pocket for hangin

On the back there’s a wee pocket for hanging and lots of squiggles … I tried out a few new wobby quilting strategies on this.  Tried quilting round the loraxs – didn’t really work so well.  And made little loopy circles in the licorice allsorts squares.  They worked better and are definitely something I will keep practising. Oh and there’s a pocket at the bottom as well – I’m going to put another wooden rod in there and hopefully it will help it hanging straighter against the wall.

lots of squiggles

trees
first line

second line

And where’s it hanging now?  In the funniest little nook we have between the kitchen and the toilet.  That’s right – our only toilet is off the kitchen.  Let me tell you how much guests enjoy using our toilet when we’re all gathered in the kitchen ;-)  Funny story – sorry if I’ve already shared this – but Abby and I found our sweet little house during a hectic week in October the year before we moved.  It was quite the adventure, finding properties online whilst in the hotel room in the city, then catching trams and trains and walking for miles everywhere to see them.  Was particularly galling to spend 2 hours travelling to view a house that was hideously unsuitable and totally misrepresented online.

Anyways – we found our little house and snapped it up on the spot – without Julian.  He said he trusted us.  Only when he arrived weeks later with the furniture, he called – part bemused, part frantic – because according to him, Abby and I had rented a house with NO TOILET.

Now when he first said this, given all the appalling properties we had viewed, it didn’t seem completely implausible and I burst into tears.  “Oh no!” I shrieked, “how could it have no toilet.  Surely they couldn’t rent a house with no toilet!”  Thankfully, Julian kept wandering through the house and finally exclaimed with relief “Found it!  It’s right out in the back corner – through a funny little door off the kitchen!” Phew!

tucked in its corner

And where the quilt is hanging – that was a locked screen door into the back garden with no other means of closing it.  Let me tell you how cold that was!  Made you think twice about going to the toilet on a cold night.  It didn’t take long before we whacked up a protective piece of MDF.

glowing

So now, on the way to our funny toilet, you’ll see this pretty quilt and hopefully think of nice things – instead of the fact that everyone in the kitchen will hear you pee.

 

 

rolling beeswax :: a recipe

sheets of beeswax

:: take some sheets of heavenly scented, perfectly formed beeswax
– sigh with thanks & wonder over the hard work
& meticulous nature of the honey bee

wick

:: gather specially woven cotton wick, scissors for wick cutting,
& sacrificial scissors for beeswax cutting

bury the wick

:: lay your sheet of beeswax with the shorter edge towards you
– cut your wick to fit with an extra 1/2 inch dangling from the top – you need something to light
– lay it 1/4 inch in from your short edge – fold the short edge of the wax over it, taking care to squoosh it down good and tight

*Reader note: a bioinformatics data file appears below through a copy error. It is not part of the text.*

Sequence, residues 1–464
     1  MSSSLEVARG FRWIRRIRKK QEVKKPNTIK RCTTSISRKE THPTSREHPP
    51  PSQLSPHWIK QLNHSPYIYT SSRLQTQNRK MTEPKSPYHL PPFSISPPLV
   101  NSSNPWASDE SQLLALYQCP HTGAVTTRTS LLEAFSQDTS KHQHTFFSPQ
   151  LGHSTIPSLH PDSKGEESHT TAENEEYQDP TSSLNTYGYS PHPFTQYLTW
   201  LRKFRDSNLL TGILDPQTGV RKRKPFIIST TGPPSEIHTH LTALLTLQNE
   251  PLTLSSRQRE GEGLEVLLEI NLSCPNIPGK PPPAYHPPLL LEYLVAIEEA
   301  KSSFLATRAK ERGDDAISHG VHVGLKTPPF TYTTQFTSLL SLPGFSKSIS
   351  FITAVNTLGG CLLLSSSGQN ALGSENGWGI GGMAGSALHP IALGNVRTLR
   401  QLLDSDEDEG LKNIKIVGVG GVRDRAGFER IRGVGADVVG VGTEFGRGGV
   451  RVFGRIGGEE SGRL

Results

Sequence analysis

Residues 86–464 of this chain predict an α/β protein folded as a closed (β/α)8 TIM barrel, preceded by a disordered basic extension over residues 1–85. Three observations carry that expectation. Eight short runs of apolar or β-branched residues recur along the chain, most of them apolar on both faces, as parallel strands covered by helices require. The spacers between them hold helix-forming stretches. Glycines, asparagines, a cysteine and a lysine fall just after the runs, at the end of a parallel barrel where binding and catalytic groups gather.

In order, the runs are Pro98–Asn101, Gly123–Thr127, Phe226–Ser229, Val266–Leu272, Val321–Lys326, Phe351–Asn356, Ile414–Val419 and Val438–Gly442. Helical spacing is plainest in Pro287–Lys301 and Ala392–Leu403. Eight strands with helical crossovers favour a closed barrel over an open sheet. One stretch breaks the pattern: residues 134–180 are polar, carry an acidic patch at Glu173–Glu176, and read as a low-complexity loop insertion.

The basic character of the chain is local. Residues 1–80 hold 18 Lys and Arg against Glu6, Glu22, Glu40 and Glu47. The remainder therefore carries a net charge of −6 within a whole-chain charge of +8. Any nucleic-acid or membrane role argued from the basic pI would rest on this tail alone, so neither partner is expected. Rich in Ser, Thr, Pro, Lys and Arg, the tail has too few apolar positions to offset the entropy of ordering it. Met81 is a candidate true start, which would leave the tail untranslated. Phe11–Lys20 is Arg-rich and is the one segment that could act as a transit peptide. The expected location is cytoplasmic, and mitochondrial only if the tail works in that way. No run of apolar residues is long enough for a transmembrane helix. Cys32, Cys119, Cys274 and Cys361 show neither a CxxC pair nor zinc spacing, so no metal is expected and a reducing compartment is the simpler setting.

– then firmly, firmly, firmly, roll away from you, making a tight, smooth, even baclava log of beeswax
– voila! you’ve made a candle

like baclava

:: keep rolling and rolling and rolling until you have all the candles you want
– or you run out of sheets of beeswax – or wick – or time

all those little hexagons
:: understand that if you were  a medieval monk,
your candles would only be used in the stables,
every one of them being a slightly different width and length

from the top

:: but know, that when you light them, they will nevertheless
cast the most beautiful glow
& fill your room with a honeyed scent
you’ll want to soak yourself in

blanket

:: whilst the candles rest, gather a scrap of blanket

mermaids

:: a pretty piece of fabric

with pins

:: & some pins

binding

:: quilt & bind

handsew

:: sew down the binding by hand
– the bees would never machine sew the final edge
of a binding & neither should you

on the tin

:: pin & sew onto a tin

remains

:: gather up the scraps of beeswax stuck in the candlesticks
all round the house

scraps for melting

:: add them to the shards of beeswax sheets
you found under the laundry sink
& put in a bowl suitable for sitting over a pot
of simmering water for melting

ready for dipping

:: gather your rolled candles – in your quilted tin of course
& take then to the kitchen

melting the scraps

:: over a small pot of simmering water, melt your wax scraps

dipping

:: dunk the wick end of each of your candles in the hot amber liquid
– it’s better not to get it on your fingers, but remember
beeswax melts at a very low temperature so it will only smart for a second
then you can peel it off like a spare piece of skin with no harm done

cooling

:: stand the candles to dry, taking care that their soft warm tips
do not touch each other

ready

:: admire the sweetness you have made

on the shelf

:: pop your tin of beeswax candles on a prominent shelf
– easy to get to and pretty to look at

new kitchen nook

:: stand back & shake your head with delight
over how much more you love your house since
the weekend’s huge re-arrange


lit

:: then, when dusk finally falls,
gently push your candles into their candlesticks & light

close up windowsill

:: sigh …